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Some favor 3-year graduation plan

The trend toward three-year college degrees draws opinions from both sides.

Aisha Gonzales
Staff Writer

The economic downturn has strained the already tight budgets of college students to the point that many are looking to cut corners – and one way is by shortening their time in school from four years to three.

Some institutions across the nation are making it easier for students to get their degree and get out into the workforce more quickly, according to a Newsweek report published last month titled, “The Three Year Solution.”

“It is a good thing academically,” said Al Clark, associate vice president of academic affairs. “With summer school or an overload you can finish in three years. I favor it.”

“A three-year graduation program would be great for students who do not get a lot of financial aid,” said Amanda Santos, an intern in the office of academic advising and recent ULV graduate. “Students would be able to still have the private college experience just in a faster time.”

“They would not owe that much money after graduation,” Santos added.

Three-year college degrees are standard at some prestigious European universities, including Cambridge and Oxford in England.

American universities currently offering three-year degrees include Hartwick College in New York, Lips­comb University in Tennessee, Judson College in Alabama, Upper Iowa University, Bates College in Maine and Ball State University in Indiana, according to the Newsweek article.

Hartwick College gives students on the three-year the opportunity to take 40 credits a year and give them first selection during registration.

Lipscomb requires three-year degree students to take eight semesters, including summer school.

These programs are still the exception as it takes the average American college student six years to earn a bachelor’s degree.

Critics of the three-year plan say such programs are not for everyone.

“Just a handful have adopted the program,” said Felicia Beardsley, interim associate dean of the College of Arts and Sciences.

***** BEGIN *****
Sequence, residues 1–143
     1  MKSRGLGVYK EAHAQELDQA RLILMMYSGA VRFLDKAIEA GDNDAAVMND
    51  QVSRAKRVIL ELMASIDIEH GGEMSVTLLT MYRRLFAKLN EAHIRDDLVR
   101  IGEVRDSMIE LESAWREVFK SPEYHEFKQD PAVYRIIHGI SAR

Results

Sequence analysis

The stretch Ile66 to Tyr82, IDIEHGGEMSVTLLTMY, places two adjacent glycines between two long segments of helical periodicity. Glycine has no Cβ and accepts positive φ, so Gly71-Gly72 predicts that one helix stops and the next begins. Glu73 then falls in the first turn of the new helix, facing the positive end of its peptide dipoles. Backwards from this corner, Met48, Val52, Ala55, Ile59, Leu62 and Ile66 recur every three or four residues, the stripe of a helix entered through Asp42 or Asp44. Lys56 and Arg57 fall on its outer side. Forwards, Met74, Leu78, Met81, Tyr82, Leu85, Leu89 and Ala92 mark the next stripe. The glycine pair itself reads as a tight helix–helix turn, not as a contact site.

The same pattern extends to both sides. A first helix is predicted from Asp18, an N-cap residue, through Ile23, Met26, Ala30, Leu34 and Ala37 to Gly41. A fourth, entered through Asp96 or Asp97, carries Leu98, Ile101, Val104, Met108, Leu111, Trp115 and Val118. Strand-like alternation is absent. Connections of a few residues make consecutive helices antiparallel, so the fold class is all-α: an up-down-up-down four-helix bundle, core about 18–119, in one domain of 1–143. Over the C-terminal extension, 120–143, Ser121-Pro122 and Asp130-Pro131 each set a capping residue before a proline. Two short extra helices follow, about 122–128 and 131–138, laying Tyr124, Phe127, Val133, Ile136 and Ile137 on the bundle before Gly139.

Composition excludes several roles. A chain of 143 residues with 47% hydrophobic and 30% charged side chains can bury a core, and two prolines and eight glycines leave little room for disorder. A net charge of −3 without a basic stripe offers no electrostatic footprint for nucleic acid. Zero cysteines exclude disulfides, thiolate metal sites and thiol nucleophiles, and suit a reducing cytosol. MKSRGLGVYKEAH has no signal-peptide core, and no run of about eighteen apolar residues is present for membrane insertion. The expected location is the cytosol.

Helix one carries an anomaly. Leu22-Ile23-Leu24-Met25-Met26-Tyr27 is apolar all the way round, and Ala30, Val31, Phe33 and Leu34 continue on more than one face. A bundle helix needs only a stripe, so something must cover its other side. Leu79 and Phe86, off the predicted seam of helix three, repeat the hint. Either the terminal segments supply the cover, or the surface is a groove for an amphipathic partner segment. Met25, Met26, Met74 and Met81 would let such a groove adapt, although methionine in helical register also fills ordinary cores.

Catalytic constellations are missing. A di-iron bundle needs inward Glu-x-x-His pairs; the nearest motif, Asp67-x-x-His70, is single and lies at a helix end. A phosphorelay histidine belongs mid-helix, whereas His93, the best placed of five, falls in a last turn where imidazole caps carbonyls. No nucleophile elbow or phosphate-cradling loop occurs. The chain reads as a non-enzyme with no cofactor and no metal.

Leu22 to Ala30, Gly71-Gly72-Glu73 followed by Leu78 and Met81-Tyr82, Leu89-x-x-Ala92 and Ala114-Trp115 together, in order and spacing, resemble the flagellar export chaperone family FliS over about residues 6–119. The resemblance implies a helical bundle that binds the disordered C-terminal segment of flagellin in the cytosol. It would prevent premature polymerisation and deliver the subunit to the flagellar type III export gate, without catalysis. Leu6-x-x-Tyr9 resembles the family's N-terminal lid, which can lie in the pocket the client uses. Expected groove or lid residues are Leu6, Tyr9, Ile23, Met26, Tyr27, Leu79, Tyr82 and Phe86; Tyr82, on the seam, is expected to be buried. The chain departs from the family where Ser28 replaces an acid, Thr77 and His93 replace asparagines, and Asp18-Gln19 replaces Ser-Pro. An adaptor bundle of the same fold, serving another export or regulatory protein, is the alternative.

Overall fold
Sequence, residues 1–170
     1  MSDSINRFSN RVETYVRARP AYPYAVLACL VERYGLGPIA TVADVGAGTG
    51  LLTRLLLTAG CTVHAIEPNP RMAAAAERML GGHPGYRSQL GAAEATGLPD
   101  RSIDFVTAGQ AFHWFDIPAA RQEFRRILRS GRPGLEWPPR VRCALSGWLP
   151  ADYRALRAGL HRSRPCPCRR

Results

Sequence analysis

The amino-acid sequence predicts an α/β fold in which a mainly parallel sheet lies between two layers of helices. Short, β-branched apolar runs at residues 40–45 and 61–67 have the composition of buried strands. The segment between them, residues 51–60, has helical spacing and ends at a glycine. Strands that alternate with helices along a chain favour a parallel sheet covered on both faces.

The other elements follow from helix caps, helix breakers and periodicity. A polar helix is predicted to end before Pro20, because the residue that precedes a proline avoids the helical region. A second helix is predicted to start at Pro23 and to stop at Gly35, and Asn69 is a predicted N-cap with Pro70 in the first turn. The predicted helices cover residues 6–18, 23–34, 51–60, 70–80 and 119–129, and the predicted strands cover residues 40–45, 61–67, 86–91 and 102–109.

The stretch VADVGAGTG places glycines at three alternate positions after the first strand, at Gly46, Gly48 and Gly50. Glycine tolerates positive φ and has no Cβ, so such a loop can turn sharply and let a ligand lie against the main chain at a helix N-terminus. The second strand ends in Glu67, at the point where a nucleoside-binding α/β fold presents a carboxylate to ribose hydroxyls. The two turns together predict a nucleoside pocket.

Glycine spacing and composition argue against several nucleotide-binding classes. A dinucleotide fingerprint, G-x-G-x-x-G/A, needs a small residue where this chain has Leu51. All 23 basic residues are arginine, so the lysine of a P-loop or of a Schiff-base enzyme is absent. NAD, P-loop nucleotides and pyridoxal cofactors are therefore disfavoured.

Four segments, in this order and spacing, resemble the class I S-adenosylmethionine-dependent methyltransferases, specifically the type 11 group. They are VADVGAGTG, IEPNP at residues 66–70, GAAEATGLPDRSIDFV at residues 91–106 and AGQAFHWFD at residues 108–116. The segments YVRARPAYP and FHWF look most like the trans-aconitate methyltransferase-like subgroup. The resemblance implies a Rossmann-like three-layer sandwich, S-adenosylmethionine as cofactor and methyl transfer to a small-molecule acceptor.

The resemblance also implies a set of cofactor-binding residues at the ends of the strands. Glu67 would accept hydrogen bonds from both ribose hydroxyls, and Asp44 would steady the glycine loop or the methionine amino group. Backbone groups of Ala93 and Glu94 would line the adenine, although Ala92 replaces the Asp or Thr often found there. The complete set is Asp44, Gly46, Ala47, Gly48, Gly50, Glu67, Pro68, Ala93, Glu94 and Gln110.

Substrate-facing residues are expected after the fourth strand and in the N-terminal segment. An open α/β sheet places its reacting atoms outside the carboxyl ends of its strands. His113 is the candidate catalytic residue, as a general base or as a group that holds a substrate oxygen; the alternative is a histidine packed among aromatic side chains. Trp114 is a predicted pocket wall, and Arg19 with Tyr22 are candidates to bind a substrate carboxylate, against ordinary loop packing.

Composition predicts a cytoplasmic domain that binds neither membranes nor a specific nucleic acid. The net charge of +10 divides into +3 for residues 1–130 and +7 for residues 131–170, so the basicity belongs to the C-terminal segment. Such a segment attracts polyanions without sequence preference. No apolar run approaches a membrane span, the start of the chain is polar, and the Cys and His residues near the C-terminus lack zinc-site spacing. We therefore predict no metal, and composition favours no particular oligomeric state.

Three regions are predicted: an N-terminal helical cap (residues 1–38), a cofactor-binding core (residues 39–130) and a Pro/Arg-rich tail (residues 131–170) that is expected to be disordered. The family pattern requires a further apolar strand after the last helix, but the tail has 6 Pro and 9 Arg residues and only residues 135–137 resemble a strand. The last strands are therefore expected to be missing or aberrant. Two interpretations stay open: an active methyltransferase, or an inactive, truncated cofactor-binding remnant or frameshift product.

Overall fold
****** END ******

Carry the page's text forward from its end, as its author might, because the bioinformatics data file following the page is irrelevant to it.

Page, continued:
“It is a lot of pressure to put on a student. You lose the breadth of an education, but in a way you lose the depth of an education too,” Beardsley said.

“My feeling is that it is probably not a good idea for us right now,” said Greg Dewey, interim provost. “You lose some of the richness of the experience. It creates inflexibility. You have to know at the beginning exactly what you want to do. There is no room for exploration.”

Rita Thakur, associate dean of the College of Business and Public Administration, feels that students are capable of finishing their bachelor’s degree in three-years, even here.

“I have had several students who have graduated at the University of La Verne in three years,” Thakur said.

“Students who are ambitious, motivated and work with their advisor make that happen in the beginning. They pass every course they take and they do not take courses they do not need to graduate.”

Beardsley said that the three-year graduation proposal has been a nationwide discussion among university educators, which brings many questions into play such as: What tools do students need to succeed in this world? What constitutes a liberal arts education? What information should a student have when they finish?

“Right now a four-year degree is here to stay,” Beardsley said. “The job of the university is to ensure that students can step out into the world with the tools they need.

“It takes about four years to prepare someone to be an educated person. I do not think a student is ready after three years to step out into the world,” Beardsley said.

Aisha Gonzales can be reached at

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